In lieu of an abstract, here is a brief excerpt of the content:

  • Editors’ Note
  • Terence Chong, Hui Yew-Foong, and Michael Montesano

The first three articles in this edition of SOJOURN — edited, in the first instance, by Michael Herzfeld of Harvard University and Hui Yew-Foong of Hong Kong Shue Yan University, and originally presented at a January 2014 conference held at the Institute of Southeast Asian Studies, and in cooperation with the Faculty of Arts and Social Sciences of the National University of Singapore and the International Institute of Asian Studies — focus on the cultural politics of heritage-making. In the first article, Alexandra Denes treats with great perceptiveness and sensitivity the efforts of the Thai state to incorporate the ethnic Khmer folk music genre of kantruem into Thailand’s national intangible cultural heritage. Her article represents a brilliant case study both of Thai official nationalism as viewed from the remote periphery and of processes of “folklorization” and their impact. Nir Avieli, whose book on foodways in the Vietnamese town of Hôi An was reviewed in the July 2014 issue of SOJOURN, devotes the second of these three articles to a thoughtful and impassioned critique of the designation of the historic centre of that same town as a UNESCO World Heritage Site. Scrutinizing the implications of this designation for tourism and for the historic town, he emerges pessimistic about the ability of the World Heritage Site programme to protect cultural and material heritage, above all in less-affluent countries. Equally sobering are Felix Girke’s study of debates surrounding the future of Yangon’s colonial-era court buildings and his innovative articulation of a “thick” approach to heritage studies. This approach resists poorly informed and aesthetically focused understandings of the built environment and the marketability of heritage and instead valorizes the historical production of space. Girke’s arguments have relevance across Southeast Asia and beyond, at least where it is not “too late”. These three pieces will provoke much thought and, we hope, [End Page v] much discussion. Readers can also look forward to the conference volume, with similarly exciting in-depth studies from across East and Southeast Asia, currently being edited by Hui Yew-Foong, Michael Herzfeld, Daniel Goh and Philippe Peycam. At the same time, this discussion on heritage politics can continue in the pages of SOJOURN by means of short pieces submitted for publication in the “Notes & Comment” section of the journal.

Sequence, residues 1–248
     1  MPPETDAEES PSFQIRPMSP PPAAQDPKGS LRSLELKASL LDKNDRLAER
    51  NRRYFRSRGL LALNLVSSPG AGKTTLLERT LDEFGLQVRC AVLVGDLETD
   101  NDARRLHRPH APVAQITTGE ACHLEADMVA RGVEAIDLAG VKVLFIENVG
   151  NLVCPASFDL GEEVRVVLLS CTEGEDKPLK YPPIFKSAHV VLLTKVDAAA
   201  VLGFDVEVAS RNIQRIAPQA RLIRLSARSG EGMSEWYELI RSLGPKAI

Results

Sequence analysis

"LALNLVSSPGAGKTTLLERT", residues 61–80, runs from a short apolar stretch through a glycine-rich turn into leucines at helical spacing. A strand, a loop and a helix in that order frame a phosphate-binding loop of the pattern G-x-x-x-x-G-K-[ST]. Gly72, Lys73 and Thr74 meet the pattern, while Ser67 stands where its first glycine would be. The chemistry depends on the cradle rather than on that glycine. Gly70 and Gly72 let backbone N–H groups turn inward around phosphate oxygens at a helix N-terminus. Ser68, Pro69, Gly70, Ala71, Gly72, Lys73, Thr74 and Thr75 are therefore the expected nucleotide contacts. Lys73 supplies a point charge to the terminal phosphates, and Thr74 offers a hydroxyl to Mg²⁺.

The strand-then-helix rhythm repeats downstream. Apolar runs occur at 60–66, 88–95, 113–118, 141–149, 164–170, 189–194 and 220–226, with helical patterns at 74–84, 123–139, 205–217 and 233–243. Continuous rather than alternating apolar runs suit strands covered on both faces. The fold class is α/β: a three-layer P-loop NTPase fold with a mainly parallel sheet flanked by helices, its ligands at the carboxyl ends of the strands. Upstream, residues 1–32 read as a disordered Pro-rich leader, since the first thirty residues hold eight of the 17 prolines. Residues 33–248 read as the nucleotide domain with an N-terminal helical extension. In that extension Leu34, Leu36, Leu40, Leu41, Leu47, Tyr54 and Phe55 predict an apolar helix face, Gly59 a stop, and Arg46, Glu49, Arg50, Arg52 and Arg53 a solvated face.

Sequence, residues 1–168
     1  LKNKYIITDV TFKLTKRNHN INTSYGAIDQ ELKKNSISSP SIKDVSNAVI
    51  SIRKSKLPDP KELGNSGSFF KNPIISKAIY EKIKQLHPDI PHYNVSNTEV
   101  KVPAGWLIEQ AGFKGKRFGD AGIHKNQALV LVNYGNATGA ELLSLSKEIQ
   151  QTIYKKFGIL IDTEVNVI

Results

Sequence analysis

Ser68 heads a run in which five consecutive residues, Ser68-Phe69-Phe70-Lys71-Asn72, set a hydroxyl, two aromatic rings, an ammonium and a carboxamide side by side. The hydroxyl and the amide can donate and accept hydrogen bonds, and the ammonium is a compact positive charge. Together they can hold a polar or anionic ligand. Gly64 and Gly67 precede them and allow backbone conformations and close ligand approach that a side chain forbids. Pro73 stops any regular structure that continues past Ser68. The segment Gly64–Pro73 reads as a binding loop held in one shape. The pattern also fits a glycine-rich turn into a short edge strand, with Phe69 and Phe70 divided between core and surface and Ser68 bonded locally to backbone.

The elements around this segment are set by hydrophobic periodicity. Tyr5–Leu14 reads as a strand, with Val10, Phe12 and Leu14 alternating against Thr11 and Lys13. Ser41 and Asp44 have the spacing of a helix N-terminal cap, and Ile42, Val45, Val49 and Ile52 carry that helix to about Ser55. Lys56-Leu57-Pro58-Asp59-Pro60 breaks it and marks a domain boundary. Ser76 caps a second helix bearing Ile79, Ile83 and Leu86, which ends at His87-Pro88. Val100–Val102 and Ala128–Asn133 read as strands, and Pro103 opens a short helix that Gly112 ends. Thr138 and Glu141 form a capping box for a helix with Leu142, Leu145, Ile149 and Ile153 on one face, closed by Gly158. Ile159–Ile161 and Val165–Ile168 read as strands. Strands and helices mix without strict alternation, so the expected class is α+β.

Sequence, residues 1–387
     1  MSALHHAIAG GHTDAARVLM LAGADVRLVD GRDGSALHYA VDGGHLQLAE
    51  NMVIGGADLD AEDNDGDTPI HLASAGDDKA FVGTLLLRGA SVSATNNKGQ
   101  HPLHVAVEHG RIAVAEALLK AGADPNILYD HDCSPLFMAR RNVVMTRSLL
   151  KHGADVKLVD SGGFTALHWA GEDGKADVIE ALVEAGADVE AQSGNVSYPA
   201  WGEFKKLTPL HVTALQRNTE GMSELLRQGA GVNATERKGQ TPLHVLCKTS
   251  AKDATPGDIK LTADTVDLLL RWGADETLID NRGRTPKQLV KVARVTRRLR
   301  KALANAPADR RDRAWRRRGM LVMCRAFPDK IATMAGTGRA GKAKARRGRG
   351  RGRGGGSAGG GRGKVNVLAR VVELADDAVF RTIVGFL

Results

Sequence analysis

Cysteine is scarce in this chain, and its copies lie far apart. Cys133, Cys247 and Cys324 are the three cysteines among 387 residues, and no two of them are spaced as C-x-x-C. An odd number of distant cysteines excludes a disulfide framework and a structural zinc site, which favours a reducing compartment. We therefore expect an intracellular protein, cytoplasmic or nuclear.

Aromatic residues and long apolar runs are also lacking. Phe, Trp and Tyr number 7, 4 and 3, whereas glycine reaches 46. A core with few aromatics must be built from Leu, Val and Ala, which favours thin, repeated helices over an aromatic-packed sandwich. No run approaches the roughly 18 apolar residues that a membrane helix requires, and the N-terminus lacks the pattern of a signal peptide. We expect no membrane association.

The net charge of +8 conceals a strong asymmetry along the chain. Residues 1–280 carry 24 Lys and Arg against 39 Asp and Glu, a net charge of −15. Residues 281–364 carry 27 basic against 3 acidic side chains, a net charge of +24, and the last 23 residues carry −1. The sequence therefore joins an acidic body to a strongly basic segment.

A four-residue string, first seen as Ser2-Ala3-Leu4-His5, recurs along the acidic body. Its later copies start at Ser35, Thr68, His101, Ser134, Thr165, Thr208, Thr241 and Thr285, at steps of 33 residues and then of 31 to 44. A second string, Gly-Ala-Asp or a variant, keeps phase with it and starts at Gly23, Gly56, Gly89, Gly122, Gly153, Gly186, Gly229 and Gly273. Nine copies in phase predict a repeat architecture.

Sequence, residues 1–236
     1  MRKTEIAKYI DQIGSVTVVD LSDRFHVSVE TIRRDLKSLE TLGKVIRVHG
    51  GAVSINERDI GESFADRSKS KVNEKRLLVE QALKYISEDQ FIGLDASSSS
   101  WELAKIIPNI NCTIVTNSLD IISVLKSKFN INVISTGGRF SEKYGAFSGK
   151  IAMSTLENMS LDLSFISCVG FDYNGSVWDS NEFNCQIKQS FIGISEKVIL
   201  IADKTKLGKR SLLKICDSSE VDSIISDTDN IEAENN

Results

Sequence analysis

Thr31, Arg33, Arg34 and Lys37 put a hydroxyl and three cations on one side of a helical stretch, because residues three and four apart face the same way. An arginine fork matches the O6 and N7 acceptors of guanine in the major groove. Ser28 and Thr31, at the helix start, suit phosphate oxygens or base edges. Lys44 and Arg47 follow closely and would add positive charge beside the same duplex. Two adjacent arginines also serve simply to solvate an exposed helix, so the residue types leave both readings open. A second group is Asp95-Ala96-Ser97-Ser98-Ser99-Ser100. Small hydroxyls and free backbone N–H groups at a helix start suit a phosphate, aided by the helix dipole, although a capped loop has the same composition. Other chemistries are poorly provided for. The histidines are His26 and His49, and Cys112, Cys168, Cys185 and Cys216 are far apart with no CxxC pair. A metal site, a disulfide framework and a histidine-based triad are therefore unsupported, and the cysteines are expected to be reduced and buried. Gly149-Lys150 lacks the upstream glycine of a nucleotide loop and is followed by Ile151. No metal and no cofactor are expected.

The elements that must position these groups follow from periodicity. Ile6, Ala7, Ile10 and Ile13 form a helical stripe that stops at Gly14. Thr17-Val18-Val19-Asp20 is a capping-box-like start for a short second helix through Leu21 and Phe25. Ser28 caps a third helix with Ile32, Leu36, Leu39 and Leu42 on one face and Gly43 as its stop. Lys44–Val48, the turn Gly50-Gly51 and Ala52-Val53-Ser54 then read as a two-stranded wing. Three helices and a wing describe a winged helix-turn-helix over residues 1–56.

In keeping with SOJOURN’s commitment to publishing important new scholarship on the changing role of Islam in Indonesia, this edition of the journal also includes an article by Chiara Formichi that exhaustively surveys the historiography of Darul Islam leader Kartosuwiryo (1905–62). Formichi uses this survey to gauge evolving understandings of and attitudes towards political Islam in Southeast Asia’s largest country. Complementing Jean-François Bissonnette’s November 2013 article on oil palm smallholdings linked to large estates, Afrizal’s contribution to this issue of the journal considers contestation over land rights between local people and an oil palm plantation company in Sumatra’s Riau Province. He uses this case to develop and advance an understanding of conflict resolution that highlights structural factors. In the final research article in this edition of SOJOURN, Priscilla Koh examines policies encouraging overseas Vietnamese to work and invest in the country and the range of factors, from the official to the personal, affecting the experiences and sentiments of second-generation Việt Kiều in Ho Chi Minh City.

In his comment, a revised version of the keynote address delivered to the 2014 Cornell Southeast Asia Program Graduate Student Conference, Thomas Pepinsky makes a robust case for the importance of the disciplines in “Southeast Asian studies”. Using the field of political science as an example, he argues both for greater awareness of tensions within — rather than just between — academic disciplines and for the possibility of a more pluralistic understanding of the Southeast Asia field. The note contributed to this edition of the journal by Kathleen Azali and Ulla Fionna — ISEAS Research Officer and ISEAS Fellow, respectively — reports on the ambitious [End Page vi] roundtable on current developments in Indonesian studies held at the Institute in May 2013 under the auspices of its Indonesia Studies Programme. The event...


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